A self-care routine that cares
We’ve gone on a lot about what self-care isn’t, indulgence and difficult situations so it’s time to discuss what self-care might look like.
Exercising self -control and making the right self-care investments
What’s the difference? That laptop you like, the one that is $200 more than the rest but has the hardware to get you working faster and more productive at work–that’s a good investment. That third caramel mocha for the day, the one with whipped cream and caramel sure to tip the sugar scales–that’s indulgence. That group boxing class that might be a little pricey but keeps you motivated and working harder, that’s self-care. $180 to see a personal trainer three times a week? If you’re an athlete, sure, but if you’re not, it’s safe to say that’s an indulgence. That money could be better spent – maybe even on the knowledge to train yourself.
Boundaries are inevitably one of the most important factors when establishing relationships. Understanding those invisible lines which border friend or more than friends, comfort and cross, and enough or extreme is the key to sustaining relationships. It’s ok to say no to events we find mentally draining, but as long as we say “no” and don’t leave our friends hanging–honesty and communication are key. It’s also important to ask ourselves before we ask others: how would I feel if this was asked of me? Do you remember being taught to treat others how you’d like to be treated? That rule still applies, and no, it’s not open to interpretation.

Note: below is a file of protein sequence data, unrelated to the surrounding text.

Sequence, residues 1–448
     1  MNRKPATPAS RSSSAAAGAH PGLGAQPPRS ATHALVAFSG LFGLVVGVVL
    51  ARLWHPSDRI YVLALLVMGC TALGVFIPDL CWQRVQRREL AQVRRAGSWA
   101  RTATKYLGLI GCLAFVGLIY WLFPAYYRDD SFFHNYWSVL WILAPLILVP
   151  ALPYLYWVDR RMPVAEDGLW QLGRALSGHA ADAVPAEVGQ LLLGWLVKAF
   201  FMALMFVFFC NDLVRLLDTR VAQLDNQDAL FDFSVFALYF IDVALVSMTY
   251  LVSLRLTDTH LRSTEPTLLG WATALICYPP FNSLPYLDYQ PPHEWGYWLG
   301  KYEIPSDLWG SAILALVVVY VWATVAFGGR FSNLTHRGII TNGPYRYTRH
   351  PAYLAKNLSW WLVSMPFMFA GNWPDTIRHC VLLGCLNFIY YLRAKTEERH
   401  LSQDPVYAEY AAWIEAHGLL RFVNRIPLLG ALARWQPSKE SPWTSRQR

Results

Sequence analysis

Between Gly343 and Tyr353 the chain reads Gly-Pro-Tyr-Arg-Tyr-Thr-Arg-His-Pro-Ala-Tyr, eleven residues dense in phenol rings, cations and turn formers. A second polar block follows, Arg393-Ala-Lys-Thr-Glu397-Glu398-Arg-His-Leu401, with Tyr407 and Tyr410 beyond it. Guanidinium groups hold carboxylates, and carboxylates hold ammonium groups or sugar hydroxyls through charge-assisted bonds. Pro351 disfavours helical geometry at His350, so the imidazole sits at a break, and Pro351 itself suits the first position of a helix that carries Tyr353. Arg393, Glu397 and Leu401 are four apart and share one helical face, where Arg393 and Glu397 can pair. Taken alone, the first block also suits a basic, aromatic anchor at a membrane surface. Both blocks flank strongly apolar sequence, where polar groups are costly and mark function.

Staying connected (offline)
Melbourne-based not-for-profit mental health organisation Beyond Blue says that men often feel loneliness more than women, and the pressure of our social structure to work hard and support a family often doesn’t help. We understand social media can accentuate those pressures, especially some of the so-called motivational blogs which cherry-pick pictures of expensive cars, homes and holidays. Beyond Blue’s advice on looking after ourselves is to spend time with our friends in person, “even if it’s just a quick check-in, coffee or a quiet beer”. If you’re too busy to meet in person, a simple G’day text is their closest solution as well as offering a hand during tough times.
Sparing a thought for those closest to us
One of the last things to remember is that our well-being not only affects ourselves but also those around us. A hard time for us is a hard time for our friends and family–although we might not see it at the time, it’s important to understand this. No one likes to see their friends or family in agony.
We also need to show appreciation for the care we receive. If we take advantage of our friends’ kindness and help ourselves to their assistance in the name of poor mental health, we’re not only being selfish, we’re acting in a way that could be detrimental to those potentially suffering just as much as us. Acting as such is only going to push the people we need most further away from not only ourselves but possibly other friends in tough times. In a way further fuelling the already overhyped Self Help market.
It’s ok to be lost, it’s ok to need a hand sometimes, but boundaries still need to be respected. You can ask for help, you might even discover sharing your problems can help others (as we did recently), but please don’t mix up poor behaviour with self-care–the outcome can affect much more than just us.